EXCLUSIVE: Sony Pictures has released the results of its trials into 3D series programme production and concludes that 3D TV shows can be made cost-effectively writes Adrian Pennington
This article is brought to you in association with 3D specialists Presteigne Charter
As 3D Focus reported during our MIPTV 3D coverage, Sony Pictures have been experimenting with the production of episodic 3D content, an activity long being alluded to by 3ality Technica founder Steve Schklair.
In a draft white paper titled ‘3D Television and Motion Picture Production’ (April 2012),seen by 3D Focus, the studio describes the methodology behind tests for scheduling 2D and 3D shoots on an episode of multi-camera NBC daytime soap Days of Our Lives and an episode of ABC’s Happy Endings, a single-camera style sitcom, both not intended for broadcast. The paper also examined the use of 3D on a 2D budgeted feature Battle of the Year: Dream Team about street dancing which is set for 2D and 3D release in 2013.
Its conclusions are not in themselves startling but significant because they come from a major studio, stating: ‘The project clearly demonstrates that 3D TV shows can be produced cost effectively.’
It further concluded:
- Productions need to plan for 3D. Directors, cinematographers and other crew need to be properly trained in the aesthetic, technical and practical aspects of 3D [this was done at Sony’s own 3D Technology Center in LA but there is no mention of whether this was an additional production cost].
- It is very important to ensure that the desired 3D effect is captured on set rather than post which can incur added cost and delays.
- The integration of 3D systems into the production workflow had minimal impact on the production schedule.
- Increased production costs – additional crew, additional cameras etc – were relatively modest.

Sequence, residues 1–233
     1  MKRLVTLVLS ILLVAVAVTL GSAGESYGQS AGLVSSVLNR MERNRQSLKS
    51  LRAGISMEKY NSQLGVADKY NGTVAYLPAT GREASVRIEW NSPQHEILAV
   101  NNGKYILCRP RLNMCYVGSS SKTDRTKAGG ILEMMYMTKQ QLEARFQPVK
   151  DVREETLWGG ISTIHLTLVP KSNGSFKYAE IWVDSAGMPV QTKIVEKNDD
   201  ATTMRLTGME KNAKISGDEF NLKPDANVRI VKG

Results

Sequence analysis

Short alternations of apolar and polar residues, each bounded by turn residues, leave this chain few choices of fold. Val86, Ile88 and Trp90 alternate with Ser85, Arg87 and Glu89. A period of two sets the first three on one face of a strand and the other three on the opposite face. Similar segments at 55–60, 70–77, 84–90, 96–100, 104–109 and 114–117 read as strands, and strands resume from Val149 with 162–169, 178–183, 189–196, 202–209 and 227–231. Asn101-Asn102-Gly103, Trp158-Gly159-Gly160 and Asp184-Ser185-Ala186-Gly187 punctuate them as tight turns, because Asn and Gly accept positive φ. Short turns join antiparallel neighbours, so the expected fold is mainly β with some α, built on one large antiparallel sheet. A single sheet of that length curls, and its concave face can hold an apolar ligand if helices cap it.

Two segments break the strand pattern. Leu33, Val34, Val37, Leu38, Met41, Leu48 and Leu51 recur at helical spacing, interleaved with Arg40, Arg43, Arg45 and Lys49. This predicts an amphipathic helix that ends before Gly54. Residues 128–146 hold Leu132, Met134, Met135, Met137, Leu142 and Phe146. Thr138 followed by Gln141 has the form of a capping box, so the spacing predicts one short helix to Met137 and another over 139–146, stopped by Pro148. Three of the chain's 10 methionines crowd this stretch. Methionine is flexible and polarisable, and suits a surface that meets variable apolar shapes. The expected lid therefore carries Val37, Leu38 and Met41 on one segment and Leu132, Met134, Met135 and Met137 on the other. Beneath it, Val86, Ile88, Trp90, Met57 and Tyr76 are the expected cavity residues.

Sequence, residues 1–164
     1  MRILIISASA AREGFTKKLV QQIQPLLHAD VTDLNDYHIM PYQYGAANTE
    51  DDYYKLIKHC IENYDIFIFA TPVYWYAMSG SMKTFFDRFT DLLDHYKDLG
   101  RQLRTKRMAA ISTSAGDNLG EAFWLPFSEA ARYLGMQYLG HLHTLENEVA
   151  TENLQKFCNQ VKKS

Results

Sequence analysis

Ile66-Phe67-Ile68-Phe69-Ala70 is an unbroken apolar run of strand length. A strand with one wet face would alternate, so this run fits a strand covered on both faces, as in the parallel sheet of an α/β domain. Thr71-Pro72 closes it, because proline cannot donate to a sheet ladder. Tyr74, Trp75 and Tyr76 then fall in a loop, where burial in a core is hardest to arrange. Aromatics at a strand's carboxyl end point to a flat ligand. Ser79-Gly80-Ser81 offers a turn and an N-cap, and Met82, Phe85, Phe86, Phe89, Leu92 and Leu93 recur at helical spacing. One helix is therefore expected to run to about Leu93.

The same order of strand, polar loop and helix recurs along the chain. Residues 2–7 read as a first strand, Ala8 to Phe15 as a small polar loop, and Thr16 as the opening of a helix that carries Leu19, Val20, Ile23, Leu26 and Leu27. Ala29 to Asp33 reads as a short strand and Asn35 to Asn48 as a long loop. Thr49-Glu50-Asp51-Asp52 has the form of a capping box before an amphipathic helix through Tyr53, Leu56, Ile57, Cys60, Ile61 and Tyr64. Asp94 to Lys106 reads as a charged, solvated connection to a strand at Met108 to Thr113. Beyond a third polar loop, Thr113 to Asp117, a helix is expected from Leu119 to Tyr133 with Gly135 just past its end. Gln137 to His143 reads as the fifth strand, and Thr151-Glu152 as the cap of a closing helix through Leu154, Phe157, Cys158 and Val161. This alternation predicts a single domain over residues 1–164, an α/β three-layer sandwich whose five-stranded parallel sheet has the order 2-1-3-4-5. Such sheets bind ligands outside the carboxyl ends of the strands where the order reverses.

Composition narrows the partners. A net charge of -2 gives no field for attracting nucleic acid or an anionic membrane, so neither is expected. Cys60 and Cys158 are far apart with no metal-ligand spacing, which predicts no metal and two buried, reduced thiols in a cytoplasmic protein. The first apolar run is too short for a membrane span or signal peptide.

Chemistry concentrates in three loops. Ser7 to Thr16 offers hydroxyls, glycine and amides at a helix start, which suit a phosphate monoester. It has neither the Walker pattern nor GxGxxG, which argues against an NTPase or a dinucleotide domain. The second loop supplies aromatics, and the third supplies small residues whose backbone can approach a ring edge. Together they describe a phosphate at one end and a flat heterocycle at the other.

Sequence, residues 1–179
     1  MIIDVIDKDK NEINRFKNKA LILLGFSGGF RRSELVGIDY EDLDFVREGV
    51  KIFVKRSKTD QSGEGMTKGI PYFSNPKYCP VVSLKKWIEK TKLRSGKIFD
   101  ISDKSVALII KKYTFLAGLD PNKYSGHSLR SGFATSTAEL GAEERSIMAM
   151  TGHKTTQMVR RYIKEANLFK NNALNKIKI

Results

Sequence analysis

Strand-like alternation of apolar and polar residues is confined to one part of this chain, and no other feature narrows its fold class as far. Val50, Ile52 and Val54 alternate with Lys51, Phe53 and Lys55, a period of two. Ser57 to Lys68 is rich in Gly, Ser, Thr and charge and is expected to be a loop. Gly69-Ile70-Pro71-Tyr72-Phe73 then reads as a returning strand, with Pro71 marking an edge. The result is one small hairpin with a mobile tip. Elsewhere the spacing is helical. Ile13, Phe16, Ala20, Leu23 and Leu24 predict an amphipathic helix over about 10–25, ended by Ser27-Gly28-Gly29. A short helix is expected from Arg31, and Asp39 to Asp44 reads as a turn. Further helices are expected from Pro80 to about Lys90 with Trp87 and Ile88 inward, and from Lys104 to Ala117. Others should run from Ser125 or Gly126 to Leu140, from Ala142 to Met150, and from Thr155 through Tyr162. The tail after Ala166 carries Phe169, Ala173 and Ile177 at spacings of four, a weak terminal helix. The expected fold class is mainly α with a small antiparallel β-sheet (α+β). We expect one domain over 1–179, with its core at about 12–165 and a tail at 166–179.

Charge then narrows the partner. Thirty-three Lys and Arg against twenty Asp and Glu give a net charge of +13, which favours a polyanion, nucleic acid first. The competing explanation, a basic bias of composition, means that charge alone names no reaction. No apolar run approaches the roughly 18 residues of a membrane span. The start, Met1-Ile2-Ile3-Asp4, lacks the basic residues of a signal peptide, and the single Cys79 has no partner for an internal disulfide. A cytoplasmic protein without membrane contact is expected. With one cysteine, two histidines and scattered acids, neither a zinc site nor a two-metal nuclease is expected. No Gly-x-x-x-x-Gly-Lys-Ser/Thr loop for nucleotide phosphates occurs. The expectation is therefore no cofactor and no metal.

- Talent blocking, shot composition and other directorial choices require subtle adjustment for 3D. Camera positions and movement also need to be reconsidered to create better 3D effects and avoid issues [such as occlusion]. Choices that the director makes to maximise the effectiveness of 3D do not need to compromise the quality of the 2D version.
Each shoot used 3Ality TS5 rigs mounted with a pair of Sony PMW-F3 cameras. The lenses were cine style Angenieux Rouge zooms with focal lengths of 16-42mm and 30-80mm. These were swapped for Nikon stills camera lenses on Happy Endings to enable zooming. 3Ality Digital rigs were selected in a test over ones from Element Technica before the companies merged to form 3Ality Technica a year ago.
Producing a multi-camera daytime drama in 3D was the most challenging of the productions tackled since it moves faster in terms of schedule and can require more equipment and crew. The soap may also seem an unlikely candidate for stereo production – its setting are primarily interiors which would appear to limit visual possibilities. On the other hand Sony believes 3D can be used to enhance character-driven drama in significant ways (by increasing the emotional bond viewers feel for characters).